Bob Wills   Bob Wills
Thanks, Robert, I didn't think to bracket at the time. I have used PS before to create under/over exposed copies to bracket, but have found that where there is no data, blow-out areas, there is no data in the copies either. I would be happy to find out a work around to that. I haven't tried compositing or cloning though.   Posted: 11/16/2021 07:34:48



Dan Mottaz   Dan Mottaz
Hey Bob, your photos astonished me by the way you see. What you photograph are scenes and things that I often pass by without a glance.
With your image here, I'm impressed with the visual insight you display and your ability to translate that into an interesting capture.
This is a very challenging shot to take, and there are lots of words written above about the highlights and saturation that I don't think I can add to. To me, what's important is what you see.
One of the trends in photography today is simplification. Generally, I agree with this trend, However, I admire how you have taken this scene and photographed it as it is. The image is quite busy, but here, I feel, that is appropriate. I don't think you should make something out of what's not there. Simplifying it might destroy the dynamic structure of what's there. I hope this makes sense.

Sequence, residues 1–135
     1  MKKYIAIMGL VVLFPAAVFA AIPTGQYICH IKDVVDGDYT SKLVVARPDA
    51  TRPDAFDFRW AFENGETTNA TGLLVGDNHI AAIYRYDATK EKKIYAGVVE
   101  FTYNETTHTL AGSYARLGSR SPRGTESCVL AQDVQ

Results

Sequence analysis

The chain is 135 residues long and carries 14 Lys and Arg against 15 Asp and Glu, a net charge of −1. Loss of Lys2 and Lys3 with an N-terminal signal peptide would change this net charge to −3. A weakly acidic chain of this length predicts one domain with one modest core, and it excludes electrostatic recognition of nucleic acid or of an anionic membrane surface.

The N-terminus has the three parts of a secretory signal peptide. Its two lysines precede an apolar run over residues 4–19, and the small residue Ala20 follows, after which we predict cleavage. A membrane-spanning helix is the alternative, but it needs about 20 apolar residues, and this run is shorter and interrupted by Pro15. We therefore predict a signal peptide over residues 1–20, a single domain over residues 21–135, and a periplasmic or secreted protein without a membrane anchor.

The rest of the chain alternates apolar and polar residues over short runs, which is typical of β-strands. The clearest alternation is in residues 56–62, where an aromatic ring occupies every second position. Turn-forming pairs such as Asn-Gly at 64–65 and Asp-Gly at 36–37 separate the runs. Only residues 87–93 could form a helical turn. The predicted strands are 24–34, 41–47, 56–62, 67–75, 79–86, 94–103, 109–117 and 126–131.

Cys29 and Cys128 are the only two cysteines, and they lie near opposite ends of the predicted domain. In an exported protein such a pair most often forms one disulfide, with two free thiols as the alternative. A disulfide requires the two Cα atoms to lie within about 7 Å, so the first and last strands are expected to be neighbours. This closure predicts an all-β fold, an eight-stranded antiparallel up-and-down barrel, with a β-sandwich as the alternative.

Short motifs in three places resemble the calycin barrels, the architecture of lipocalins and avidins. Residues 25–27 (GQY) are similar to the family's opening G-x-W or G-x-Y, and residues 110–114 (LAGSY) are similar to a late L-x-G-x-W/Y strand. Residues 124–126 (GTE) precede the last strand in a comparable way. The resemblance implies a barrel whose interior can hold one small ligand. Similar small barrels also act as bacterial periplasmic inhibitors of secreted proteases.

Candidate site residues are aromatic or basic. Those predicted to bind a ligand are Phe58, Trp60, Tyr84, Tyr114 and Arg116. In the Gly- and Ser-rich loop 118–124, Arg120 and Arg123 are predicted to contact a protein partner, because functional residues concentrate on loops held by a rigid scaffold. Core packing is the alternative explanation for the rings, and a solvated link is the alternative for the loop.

Taking close-up shots of the glass and exploring shapes with light would have been fun, but only as an addition to your main shot.
You have an interesting shot here. With some work on the highlights and saturation, I think you'll make people stop and look at this photograph.   Posted: 11/20/2021 17:20:25
Bob Wills   Bob Wills
Thanks, Dan. This was taken at a club outing, and I had fun that night, which is probably a key to getting good shots. Great shots I leave to my wife, as she is much more creative, but when I have fun, photography becomes more useful at replacing all the sports I no longer get to do.
Kind of a rambling answer, but again, thanks for the comment. It makes a lot of sense to me.   Posted: 11/21/2021 11:13:46



Emily Kawasaki   Emily Kawasaki
Gorgeous shot and great editing, Bob. I love the deep, lush, jewel-toned colors of glass sculpture, the building, and the night sky. Your photo is a prime example of why I love doing night photography in cities/places that are luminated. I have seen some of Chihuly's work on display at the Corning Museum of Glass. So, it's very cool to see an even larger work of his illuminated and on display.   Posted: 11/22/2021 22:37:27



Bob Wills   Bob Wills
Thanks, Emily, we are in our very short-day time of year, so hopefully I can get some more night images in Tacoma. Our winter is not usually bone chilling, so if the rain is manageable, I can get some shots.   Posted: 11/23/2021 10:30:36